Mercury News,Gary Reyes, AP Photo
SAN JOSE, Calif. — Count Alex Smith among those who find it awkward that a free agent quarterback is organizing the San Francisco 49ers workouts during the NFL lockout.
Just don't count him among those who think he will never be a successful 49ers quarterback.
Smith said Thursday he "absolutely" expects to be San Francisco's starter next season, even though he's not signed on the roster and second-round pick Colin Kaepernick is working to take his place. The 2005 No. 1 overall pick said he made the decision to return to the 49ers after speaking with new coach Jim Harbaugh and, in part, because he wants to prove he wasn't a Bay Area bust.
"That's just not who I am either to try to take the easy decision," Smith said. "I was just trying to make the right decision."
No free agent can sign with a team until the lockout is lifted.
In the meantime, Smith has made every effort to lead the only NFL team he has ever known. He spoke for the first time after a four-day informal minicamp at San Jose State that some 49ers dubbed "Camp Alex," and his stamp was everywhere on campus.
More than two dozen players, mostly on the offensive side, participated in workouts that included weight lifting, film study and on-field practices. The goal was to ease the transition during what was already going to be a difficult offseason with a new coaching staff and work to become the star quarterback so many once projected.
"That's why I'm doing this. I don't put in all this time, I don't sacrifice all this stuff to not be (the starter)," Smith said. "It's the drive in me that I have and will continue to have. I love football. I want to play this game and I've got more to prove than ever, to be honest with you."
Not everybody has been willing to accept Smith's leadership immediately.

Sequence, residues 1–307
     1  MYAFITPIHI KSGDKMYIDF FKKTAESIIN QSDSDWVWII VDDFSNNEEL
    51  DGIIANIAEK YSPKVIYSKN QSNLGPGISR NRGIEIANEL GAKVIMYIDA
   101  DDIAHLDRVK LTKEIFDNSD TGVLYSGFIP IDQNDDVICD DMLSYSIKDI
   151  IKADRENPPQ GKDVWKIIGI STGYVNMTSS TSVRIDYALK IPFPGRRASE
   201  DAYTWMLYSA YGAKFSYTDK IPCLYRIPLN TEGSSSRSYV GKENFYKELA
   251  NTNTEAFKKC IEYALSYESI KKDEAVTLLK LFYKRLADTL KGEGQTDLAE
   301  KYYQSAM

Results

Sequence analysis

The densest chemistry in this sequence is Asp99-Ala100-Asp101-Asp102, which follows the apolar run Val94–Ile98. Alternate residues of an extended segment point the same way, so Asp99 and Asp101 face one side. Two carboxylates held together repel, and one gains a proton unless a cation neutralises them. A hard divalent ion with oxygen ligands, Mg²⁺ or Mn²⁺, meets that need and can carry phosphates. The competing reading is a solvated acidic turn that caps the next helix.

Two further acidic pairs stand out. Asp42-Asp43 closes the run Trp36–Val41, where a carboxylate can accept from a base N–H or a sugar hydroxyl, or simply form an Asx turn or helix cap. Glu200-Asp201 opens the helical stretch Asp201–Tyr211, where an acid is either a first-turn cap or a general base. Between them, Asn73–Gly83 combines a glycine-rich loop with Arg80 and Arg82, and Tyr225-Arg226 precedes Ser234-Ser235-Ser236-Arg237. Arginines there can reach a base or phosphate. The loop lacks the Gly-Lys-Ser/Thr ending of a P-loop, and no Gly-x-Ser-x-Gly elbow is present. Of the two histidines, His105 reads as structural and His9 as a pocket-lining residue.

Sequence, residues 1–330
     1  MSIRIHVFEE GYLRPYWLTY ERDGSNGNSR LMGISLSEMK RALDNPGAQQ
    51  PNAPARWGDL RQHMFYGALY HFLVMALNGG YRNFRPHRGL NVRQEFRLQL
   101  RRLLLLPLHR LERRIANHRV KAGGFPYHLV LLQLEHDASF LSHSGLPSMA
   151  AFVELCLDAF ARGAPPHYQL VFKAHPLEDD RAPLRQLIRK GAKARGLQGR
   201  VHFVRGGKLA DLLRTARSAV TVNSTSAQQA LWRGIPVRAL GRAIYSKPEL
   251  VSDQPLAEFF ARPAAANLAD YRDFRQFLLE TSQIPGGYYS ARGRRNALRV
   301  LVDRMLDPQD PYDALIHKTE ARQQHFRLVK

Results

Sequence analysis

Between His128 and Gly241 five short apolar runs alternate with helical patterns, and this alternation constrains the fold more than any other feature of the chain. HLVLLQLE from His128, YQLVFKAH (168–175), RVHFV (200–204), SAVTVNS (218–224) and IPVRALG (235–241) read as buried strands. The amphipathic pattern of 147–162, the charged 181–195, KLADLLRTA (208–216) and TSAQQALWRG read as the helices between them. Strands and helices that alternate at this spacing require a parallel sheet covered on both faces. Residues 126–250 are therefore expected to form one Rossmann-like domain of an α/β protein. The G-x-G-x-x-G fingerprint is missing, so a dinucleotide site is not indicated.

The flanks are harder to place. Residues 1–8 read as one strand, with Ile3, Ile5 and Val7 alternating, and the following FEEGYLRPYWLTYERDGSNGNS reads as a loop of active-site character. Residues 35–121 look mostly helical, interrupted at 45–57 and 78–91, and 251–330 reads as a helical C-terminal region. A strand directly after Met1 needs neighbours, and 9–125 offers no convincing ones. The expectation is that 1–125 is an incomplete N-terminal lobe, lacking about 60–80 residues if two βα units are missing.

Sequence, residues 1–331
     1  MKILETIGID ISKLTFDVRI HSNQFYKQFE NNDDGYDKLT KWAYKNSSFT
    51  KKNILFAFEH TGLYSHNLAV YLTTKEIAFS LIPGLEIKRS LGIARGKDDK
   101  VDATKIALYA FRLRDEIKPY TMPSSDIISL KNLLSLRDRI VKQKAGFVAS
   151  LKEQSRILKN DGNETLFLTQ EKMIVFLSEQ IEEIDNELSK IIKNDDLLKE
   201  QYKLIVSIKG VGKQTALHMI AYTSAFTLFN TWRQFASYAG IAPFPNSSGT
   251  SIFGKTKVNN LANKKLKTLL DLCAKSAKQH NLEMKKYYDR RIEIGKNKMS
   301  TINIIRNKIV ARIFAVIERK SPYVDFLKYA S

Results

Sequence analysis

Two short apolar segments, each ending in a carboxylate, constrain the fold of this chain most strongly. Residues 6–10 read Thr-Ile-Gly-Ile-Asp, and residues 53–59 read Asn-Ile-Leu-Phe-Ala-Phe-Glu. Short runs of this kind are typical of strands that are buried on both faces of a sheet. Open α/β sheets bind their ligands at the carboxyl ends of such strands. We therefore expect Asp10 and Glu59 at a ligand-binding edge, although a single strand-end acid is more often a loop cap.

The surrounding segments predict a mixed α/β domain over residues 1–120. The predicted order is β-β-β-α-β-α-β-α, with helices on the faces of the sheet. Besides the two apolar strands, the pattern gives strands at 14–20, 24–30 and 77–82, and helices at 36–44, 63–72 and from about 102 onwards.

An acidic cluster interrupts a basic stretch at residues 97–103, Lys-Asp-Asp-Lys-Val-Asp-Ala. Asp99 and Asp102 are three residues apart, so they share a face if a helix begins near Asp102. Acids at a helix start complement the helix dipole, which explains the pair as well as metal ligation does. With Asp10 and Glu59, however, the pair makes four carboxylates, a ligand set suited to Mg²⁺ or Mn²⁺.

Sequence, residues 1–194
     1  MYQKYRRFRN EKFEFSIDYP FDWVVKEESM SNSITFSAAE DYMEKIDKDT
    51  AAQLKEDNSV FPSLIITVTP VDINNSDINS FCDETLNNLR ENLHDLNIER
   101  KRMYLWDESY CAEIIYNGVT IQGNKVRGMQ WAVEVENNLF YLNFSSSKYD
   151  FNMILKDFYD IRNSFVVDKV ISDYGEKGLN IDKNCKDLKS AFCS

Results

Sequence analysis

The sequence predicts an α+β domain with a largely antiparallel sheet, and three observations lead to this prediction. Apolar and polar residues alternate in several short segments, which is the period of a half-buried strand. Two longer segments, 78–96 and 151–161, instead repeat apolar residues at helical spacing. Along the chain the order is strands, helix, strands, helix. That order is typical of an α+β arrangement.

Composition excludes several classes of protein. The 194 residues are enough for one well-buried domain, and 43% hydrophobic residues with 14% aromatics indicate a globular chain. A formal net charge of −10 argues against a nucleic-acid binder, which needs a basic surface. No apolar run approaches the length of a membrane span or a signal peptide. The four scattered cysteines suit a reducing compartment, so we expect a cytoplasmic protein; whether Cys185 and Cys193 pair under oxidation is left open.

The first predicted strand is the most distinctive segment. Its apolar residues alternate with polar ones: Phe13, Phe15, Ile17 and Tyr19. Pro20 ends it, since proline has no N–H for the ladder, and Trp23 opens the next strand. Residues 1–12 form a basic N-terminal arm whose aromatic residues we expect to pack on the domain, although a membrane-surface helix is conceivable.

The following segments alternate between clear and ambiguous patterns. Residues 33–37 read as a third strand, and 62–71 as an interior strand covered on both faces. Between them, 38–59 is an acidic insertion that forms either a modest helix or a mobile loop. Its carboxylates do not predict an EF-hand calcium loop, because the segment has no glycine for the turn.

Michael Crabtree openly challenged Smith's status as the starter earlier in the week and downplayed the quarterback's efforts to organize workouts. His comments came after Smith questioned why Crabtree wasn't at smaller, private workouts he held with receivers previously.
Smith said he called the wide receiver to apologize and that the perceived feud between them was "blown out of proportion." Crabtree participated in all the playbook studies but only one on-field practice because of sore feet from practicing with new cleats on the field turf Monday.
Smith said their personal relationship is and always has been fine, and they're working to find a rhythm on the field that has never developed.
"On the field, I would definitely say, he and I would both agree, unhappy would be an understatement with our play last year. No question," Smith said. "And he and I rely so much on each other. No question, both of us aren't happy. We know we have to play better. Both of us."
Smith certainly has major strides to make to convince fans he can be the franchise quarterback.
The 49ers haven't had a winning season or reached the playoffs since 2002, and inconsistency at quarterback might be the biggest reason why. He split time with Troy Smith and David Carr last season under coach Mike Singletary, and there's no guarantee he'll be any better with Harbaugh at the helm.
With the lockout threatening to cancel training camp, Smith is organizing more workouts later this month if the labor dispute continues. He admits it's somewhat weird coaching teammates, let alone being a free agent.
"Pretty strange, right?" Smith said. "It's just such a strange year. Strange times."
Smith wouldn't get into details about the conversations he had with Harbaugh before the lockout was reinstated or what convinced him that the new coach would help him be successful. But he said the two developed a level of trust — Harbaugh giving him the playbook and publicly welcoming his return, among others — that put no doubt in his mind staying with San Francisco would be the right choice.
Smith understands it won't be easy to convince 49ers fans he is the solution at quarterback. The challenge is also what made him want to take another shot in San Francisco.
"When are fans patient?" Smith said. "That's the nature of the game."
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